Palm Treo Pro: Not digging it
Underwhelming. That’s the word that comes to mind when I look at the new Palm Treo Pro. Yes, nicer looking for sure, with a strong influence from the lower-cost Centro model (and looking rather like the upcoming Blackberry Bold). And it has 3G and WiFi, which is great, and the newest version of Windows Mobile, and GPS, though these can also be found on existing competitors. So it’s got a decent package of features, but what’s so compelling about it that isn’t being offered elsewhere?
In this day and age, offering a screen that takes up less than 50% of the device, especially with as big borders around it as the Pro has, just doesn’t cut it. I’m not suggesting touchscreen only here, as I definitely prefer typing on a physical keyboard to tapping on a virtual one, but really, even a business-oriented device like this one is going to be used to show off photos, looking at web pages, etc. which all benefit from a large screen. 320x320 has been the Palm standard for years now. Heck, even the Palm Tungsten T3 I had 4 years ago had a 50% bigger screen, albeit without a physical keyboard. The Pro’s screen already looks small, and will look even more diminutive over its product lifecycle given how slowly Palm brings out new models.
Size-wise the Pro is almost identical to Blackberries, though longer. It’s fatter than the iPhone. So no real advantage in pocketability or bragging rights there.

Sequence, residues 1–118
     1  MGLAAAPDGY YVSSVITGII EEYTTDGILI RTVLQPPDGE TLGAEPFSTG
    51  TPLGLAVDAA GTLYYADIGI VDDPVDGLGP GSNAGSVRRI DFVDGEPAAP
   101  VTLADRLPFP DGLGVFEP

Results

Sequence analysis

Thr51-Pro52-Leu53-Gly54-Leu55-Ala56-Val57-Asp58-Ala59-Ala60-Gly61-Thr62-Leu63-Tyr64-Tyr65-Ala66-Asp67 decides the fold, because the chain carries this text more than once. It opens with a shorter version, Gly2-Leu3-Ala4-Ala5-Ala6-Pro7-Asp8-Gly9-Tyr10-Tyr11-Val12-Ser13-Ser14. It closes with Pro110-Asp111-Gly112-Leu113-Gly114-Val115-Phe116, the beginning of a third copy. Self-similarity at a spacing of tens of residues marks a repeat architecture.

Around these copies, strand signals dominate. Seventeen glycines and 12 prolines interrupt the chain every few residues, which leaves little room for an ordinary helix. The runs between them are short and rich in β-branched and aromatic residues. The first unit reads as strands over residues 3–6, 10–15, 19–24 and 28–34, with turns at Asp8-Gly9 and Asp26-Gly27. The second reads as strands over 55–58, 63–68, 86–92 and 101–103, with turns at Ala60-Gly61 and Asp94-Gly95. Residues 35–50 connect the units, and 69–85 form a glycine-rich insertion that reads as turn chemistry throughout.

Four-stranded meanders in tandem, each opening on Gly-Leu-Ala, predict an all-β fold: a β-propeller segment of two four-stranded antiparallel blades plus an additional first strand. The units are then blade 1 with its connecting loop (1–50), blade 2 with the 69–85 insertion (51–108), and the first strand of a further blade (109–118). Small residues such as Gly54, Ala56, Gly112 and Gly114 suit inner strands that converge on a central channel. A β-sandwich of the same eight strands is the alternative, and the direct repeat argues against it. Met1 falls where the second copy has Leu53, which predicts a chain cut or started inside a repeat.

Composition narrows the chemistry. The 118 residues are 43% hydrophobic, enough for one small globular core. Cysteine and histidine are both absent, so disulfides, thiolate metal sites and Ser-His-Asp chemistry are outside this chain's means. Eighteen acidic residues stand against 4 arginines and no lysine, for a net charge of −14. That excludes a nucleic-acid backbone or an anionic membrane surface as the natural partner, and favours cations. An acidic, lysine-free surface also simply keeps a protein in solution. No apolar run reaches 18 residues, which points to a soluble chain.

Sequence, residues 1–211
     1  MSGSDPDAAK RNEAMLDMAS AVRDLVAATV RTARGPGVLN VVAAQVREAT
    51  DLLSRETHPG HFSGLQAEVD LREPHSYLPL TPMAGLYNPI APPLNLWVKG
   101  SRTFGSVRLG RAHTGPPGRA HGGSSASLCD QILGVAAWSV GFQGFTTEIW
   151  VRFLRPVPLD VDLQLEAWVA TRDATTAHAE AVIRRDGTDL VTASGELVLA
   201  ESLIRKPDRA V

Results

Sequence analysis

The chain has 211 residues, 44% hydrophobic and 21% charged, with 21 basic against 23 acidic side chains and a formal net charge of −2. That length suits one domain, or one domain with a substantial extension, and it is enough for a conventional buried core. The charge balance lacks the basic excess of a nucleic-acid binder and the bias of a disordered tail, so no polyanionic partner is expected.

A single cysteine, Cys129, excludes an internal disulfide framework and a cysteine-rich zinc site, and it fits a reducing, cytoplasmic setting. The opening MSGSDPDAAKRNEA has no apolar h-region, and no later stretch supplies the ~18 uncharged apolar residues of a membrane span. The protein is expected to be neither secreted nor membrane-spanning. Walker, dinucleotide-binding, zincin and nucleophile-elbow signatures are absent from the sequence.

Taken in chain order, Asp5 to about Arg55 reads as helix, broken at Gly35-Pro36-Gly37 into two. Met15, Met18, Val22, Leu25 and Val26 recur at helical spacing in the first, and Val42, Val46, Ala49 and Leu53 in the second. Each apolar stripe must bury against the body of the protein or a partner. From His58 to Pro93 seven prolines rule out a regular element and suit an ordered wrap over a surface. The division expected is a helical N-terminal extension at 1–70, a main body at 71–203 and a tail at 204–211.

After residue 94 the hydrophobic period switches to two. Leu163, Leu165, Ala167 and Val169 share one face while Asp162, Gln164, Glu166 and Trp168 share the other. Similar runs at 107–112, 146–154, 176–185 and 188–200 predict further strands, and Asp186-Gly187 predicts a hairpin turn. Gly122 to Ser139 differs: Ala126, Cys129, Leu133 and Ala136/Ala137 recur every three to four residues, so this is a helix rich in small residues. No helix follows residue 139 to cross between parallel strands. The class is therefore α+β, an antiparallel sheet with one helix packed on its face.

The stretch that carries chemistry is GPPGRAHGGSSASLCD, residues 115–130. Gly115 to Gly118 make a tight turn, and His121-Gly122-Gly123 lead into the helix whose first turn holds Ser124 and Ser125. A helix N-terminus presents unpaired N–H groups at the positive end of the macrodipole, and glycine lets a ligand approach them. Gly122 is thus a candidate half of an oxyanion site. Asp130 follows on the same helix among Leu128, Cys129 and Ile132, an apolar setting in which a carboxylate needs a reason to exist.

The talk time and battery life are good, but the 2MP camera is ho-hum.
In this video Palm talks about how the Windows interface is great because it mimics what people are used to on their desktops. Ironically, as Rob Haitani, the software architect for Palm back in the day used to talk about, the whole philosophy of the original Palm OS was that you should not try to mimic a big-screen mouse/screen environment, because it was not optimized for small-screen direct touch interactions. Transferring desktop interaction patterns onto a handheld was just not efficient, and which is why the early versions of Windows Mobile were slow to use. Now they’ve adopted the Windows platform on this device, Palm has to sing the opposite song.
Palm got a lot right in their earliest models, but they’ve struggled to stay innovative and focused in the last few years.
In the video they also talk about how they wanted to take care of all the little details. It looks like they’ve done that, but by focusing on the small things Palm’s come up with a device that treads water in the market. There are no big things that really push the boat out further compared to other smartphones, no marquee features that really stand out from the increasingly large and diverse crowd. With the current state of the smartphone market, that’s just not good enough to move the needle on their dwindling market share and attract new customers to the Palm brand.